Interpretation of past urban societies in the Near East, whose settlements are known mostly as tell sites, is largely based on macro-stratigraphy and on the association of architecture with macroscopic artifacts. Analyses of sediments, common in prehistoric sites, are rare in tell sites. Here we show the results of a detailed geoarchaeological study of the micro-stratigraphy of a sedimentary sequence associated with early Iron Age Phoenician monumental architecture. The study involves mineralogical, micromorphological and phytolith analyses and provides new insights into the stratigraphic sequence and the use of architectural spaces. The sedimentary sequence examined comprises alternating layers of gray 'fill' deposits and white 'floors'. We show that 'floors' made from local calcareous sandstone in the lower part of the sedimentary sequence were heated and are thus in effect 'plaster floors'. A concentration of micro-laminated, trampled fish remains above the most elaborate of these plaster 'floors' indicates activities related to fish processing. Fine white layers in the upper part of the sedimentary sequence that were considered as plaster based on macroscopic examination are in fact composed almost entirely of opaline grass phytoliths. The phytoliths appear in an undulating micro-laminated structure and are associated with dung spherulites and phosphate nodules, thus probably reflecting livestock penning. The formation of 'phytolith floors' involves extensive volume reduction due to the degradation of the organic material and this may result in 'floor' subsidence, a phenomenon that is often observed in archaeological sites. Most 'fill' deposits include macroscopic and microscopic remains of wood ash, bones, phytoliths, charcoal, ceramics, plaster and mollusk shells, reflecting the debris produced from household activities. This study shows how a combination of macro-stratigraphy with microscopic and mineralogical analyses of the sediments within architectural spaces can provide information on the varying ways in which the space was used through time, and also contributes to solving macro-stratigraphic problems.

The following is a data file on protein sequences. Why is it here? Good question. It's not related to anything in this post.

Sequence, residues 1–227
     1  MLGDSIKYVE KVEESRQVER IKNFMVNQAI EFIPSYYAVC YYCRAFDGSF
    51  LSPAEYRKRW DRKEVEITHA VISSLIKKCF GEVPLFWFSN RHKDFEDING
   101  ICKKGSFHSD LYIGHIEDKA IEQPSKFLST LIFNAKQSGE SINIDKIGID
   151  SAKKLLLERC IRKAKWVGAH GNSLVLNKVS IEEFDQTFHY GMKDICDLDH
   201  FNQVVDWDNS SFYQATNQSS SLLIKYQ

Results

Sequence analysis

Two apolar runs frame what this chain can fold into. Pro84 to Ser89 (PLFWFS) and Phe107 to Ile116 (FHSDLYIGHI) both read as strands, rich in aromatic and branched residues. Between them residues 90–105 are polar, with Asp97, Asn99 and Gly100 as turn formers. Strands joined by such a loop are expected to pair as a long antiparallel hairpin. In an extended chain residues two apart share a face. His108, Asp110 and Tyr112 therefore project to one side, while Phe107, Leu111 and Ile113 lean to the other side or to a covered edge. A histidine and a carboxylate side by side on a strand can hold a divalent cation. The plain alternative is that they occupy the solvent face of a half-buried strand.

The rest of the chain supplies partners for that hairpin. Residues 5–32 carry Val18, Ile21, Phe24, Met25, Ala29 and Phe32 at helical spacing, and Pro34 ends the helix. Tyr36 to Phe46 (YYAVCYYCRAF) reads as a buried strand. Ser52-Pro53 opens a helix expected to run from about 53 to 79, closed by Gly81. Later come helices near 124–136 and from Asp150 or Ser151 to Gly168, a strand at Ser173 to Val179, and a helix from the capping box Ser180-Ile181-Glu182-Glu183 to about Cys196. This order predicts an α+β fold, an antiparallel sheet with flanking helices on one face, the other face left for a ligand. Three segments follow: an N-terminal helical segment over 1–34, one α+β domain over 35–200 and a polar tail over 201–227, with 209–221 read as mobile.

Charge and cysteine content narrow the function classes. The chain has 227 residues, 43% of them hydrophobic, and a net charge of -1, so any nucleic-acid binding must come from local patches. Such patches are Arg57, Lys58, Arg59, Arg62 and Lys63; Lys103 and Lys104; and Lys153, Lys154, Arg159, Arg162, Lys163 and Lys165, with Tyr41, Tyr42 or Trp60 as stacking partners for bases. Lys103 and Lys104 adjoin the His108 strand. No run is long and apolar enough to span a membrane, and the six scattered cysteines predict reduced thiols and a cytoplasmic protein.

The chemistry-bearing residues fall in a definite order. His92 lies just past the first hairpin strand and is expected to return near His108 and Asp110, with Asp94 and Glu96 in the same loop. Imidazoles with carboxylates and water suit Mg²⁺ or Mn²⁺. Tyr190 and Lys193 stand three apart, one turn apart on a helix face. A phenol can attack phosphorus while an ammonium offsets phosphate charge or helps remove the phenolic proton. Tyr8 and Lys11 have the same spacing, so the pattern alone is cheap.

Bibliographical noteFunding Information:
Between 1980 and 2000, Tel Dor was excavated by E. Stern of the Hebrew University, Jerusalem, heading an international consortium of universities. Section drawings and plans were produced by John Berg, Svetlana Matskevich and Talia Goldman. We thank the people from the Kimmel Center for Archaeological Science at the Weizmann Institute for their help in sampling and analyzing bulk sediment samples using the on-site infrared spectrometer. Special thanks are due to Eugenia Mintz and Meirav Yizhaq for helping R.S.-G. through the sediment sampling for micromorphological analysis. R.S.-G. is also indebted to Panagiotis Karkanas and Francesco Berna for useful discussions of the data. We also thank two anonymous reviewers for their useful comments. This study was funded in part by generous support from Mr George Schwartzmann, Sarasota, Florida, and by the Kimmel Center for Archaeological Science at the Weizmann Institute.
- Iron Age
- Phoenician architecture
- Site formation processes
- Tel Dor
ASJC Scopus subject areas